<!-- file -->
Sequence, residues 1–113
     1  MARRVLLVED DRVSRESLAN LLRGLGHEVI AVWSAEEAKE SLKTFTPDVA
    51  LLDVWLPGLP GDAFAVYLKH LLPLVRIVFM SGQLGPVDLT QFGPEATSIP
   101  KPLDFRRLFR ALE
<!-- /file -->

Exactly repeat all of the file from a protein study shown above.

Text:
Sequence, residues 1–113
     1  MARRVLLVED DRVSRESLAN LLRGLGHEVI AVWSAEEAKE SLKTFTPDVA
    51  LLDVWLPGLP GDAFAVYLKH LLPLVRIVFM SGQLGPVDLT QFGPEATSIP
   101  KPLDFRRLFR ALE